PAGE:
# Local max

1. Jun 13, 2014

### clairaut

A long piece of sheet metal w inches wide is to be bent into a SYMMETRIC form with three straight sides to make a rain gutter. A cross section is shown below.

\_____/

The base is w-2x and the angled side lengths are both x with a theta between top horizontal.

A. Determine dimensions that allow maximum possible flow or maximum cross sectional area.

B. Would it be better to bend the material into a gutter with a semicircular cross section than a three sided cross section?

2. Jun 13, 2014

### clairaut

I can't seem to find a constraint. Without constraint, I cannot use lagrangian method.

So, I take the partials of the cross sectional area function with respect to x and then with respect to theta.

I get nowhere afterwards.

3. Jun 13, 2014

### HallsofIvy

Staff Emeritus
First this is clearly a home-work type question and should have been posted there.

Second the "constraint" is x= w/4.

Frankly I wouldn't consider this a "Lagrange multiplier" problem to begin with. I would write the volume of the trapezoid as a function of x and $\theta$, replace x by w/4, and treat it as a "Calculus" I problem of finding the value of the single variable $\theta$ that maximizes the area.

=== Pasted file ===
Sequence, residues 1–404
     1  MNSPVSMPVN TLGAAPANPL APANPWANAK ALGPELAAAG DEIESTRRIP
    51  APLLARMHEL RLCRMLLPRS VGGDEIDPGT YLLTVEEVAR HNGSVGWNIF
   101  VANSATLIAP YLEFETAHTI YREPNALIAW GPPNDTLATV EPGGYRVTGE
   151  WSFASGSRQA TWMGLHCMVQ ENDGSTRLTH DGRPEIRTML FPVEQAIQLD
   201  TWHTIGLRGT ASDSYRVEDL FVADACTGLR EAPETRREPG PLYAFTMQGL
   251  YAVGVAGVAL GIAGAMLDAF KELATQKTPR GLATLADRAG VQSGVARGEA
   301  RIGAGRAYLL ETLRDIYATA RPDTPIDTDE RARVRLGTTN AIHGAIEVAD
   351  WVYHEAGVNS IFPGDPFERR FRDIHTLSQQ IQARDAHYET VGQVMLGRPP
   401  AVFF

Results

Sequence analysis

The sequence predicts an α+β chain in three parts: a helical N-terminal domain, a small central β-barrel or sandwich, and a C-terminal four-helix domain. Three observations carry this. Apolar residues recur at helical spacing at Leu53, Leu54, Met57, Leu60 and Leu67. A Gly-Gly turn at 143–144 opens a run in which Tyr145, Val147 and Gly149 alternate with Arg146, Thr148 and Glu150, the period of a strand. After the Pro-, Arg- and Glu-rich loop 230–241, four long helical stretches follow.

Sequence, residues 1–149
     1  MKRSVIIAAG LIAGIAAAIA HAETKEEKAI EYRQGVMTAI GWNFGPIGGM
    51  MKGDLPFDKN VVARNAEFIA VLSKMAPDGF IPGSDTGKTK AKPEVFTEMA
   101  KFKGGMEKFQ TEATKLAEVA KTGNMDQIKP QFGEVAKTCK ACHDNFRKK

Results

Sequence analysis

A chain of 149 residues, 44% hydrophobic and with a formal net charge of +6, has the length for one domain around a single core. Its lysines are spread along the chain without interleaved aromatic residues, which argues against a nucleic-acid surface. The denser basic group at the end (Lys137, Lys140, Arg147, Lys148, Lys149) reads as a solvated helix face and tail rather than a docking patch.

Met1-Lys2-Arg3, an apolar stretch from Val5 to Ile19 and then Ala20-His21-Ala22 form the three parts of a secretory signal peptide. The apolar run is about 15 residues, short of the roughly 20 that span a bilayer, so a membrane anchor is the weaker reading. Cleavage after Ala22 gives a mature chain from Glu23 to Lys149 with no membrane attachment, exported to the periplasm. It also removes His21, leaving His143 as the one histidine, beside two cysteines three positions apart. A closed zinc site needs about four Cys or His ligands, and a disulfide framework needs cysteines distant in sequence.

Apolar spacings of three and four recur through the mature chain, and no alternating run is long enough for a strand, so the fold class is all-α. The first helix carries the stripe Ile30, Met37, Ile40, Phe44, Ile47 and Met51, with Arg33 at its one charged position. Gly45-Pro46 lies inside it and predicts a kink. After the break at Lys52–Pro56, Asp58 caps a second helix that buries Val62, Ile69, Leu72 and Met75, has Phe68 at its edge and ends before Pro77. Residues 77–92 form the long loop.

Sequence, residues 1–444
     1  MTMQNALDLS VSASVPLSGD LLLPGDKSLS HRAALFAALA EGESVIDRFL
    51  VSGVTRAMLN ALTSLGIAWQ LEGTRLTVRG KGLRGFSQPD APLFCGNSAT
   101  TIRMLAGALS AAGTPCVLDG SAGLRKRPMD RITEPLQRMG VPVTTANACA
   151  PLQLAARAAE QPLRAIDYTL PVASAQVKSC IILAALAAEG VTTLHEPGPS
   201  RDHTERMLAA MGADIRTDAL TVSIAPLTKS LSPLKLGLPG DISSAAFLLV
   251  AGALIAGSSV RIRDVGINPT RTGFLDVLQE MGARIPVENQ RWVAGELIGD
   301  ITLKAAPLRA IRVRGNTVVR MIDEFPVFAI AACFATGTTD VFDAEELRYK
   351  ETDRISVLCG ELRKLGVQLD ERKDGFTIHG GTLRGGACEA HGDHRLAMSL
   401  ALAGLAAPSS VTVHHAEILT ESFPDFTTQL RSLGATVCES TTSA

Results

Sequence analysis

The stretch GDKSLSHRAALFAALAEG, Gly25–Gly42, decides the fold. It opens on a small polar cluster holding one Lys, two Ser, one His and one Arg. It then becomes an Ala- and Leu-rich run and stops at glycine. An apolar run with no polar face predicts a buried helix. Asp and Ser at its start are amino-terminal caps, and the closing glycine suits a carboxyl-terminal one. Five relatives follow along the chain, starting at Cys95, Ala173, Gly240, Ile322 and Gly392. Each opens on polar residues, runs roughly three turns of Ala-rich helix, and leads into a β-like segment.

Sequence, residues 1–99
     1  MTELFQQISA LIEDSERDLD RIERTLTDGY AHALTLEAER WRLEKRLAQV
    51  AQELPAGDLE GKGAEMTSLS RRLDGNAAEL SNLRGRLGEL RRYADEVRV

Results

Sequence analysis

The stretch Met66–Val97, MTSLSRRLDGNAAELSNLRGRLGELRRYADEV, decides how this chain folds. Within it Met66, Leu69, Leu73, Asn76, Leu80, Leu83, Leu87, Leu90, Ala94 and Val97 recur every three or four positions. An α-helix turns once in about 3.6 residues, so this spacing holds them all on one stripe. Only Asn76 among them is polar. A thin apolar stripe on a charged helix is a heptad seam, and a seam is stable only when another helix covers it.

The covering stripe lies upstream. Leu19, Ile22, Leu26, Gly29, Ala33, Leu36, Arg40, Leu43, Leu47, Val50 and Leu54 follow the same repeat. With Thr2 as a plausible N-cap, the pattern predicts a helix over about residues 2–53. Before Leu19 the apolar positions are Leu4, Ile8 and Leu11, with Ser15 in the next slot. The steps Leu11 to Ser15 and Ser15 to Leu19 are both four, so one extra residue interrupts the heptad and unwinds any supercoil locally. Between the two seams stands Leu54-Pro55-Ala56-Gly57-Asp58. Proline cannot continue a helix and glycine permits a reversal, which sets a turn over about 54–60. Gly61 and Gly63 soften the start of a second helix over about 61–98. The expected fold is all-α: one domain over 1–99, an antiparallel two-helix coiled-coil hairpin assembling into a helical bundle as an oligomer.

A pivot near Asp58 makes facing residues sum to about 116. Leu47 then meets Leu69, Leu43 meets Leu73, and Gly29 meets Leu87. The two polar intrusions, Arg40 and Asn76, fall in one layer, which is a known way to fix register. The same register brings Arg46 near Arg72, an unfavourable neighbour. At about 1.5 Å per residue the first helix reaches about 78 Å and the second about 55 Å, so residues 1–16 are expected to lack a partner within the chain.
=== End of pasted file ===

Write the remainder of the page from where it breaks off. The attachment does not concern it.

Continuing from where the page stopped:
Last edited: Jun 13, 2014
4. Jun 17, 2014

### clairaut

Why would constraint be w/4

5. Jun 17, 2014

### clairaut

Also, volume of trapezoid is not important here. I only need the cross sectional area of this trapezoid.

6. Jun 18, 2014

### clairaut

?????

7. Jun 18, 2014

### verty

Show some working out please. Give us the formula for the cross-sectional area, it'll have 3 variables: w, x, Θ. If you can do that, we can start to help.

8. Jun 18, 2014

### clairaut

[A(x,b)] = (x^2-b^2)^.5 (w + b - 2x)

Where b is the leg of each of the right triangles in the corners.

[A(x,@)] = (w)(x)[sin(@)] + (x^2)[sin(@)][cos(@)] - 2x^2[sin(@)]

Above are the cross sectional surface area equations.

9. Jun 18, 2014

### verty

I get the same formula although you should try to simplify it a little. Okay, you want to find the maximum. Can you see how to do it? It will of course have something to do with the gradient. Refer to your textbook if you need to.

10. Jun 18, 2014

### clairaut

Yes. No problems with gradient. It's the CRITICAL POINTS that are hard to find.

11. Jun 18, 2014

### verty

I've helped all I can, sorry.

12. Jun 18, 2014

### clairaut

Lol. How have you helped?

You've merely agreed with me... No more

13. Jun 18, 2014

### micromass

Staff Emeritus
Please post an attempt. Also, this thread belongs in homework, so please post there in the future.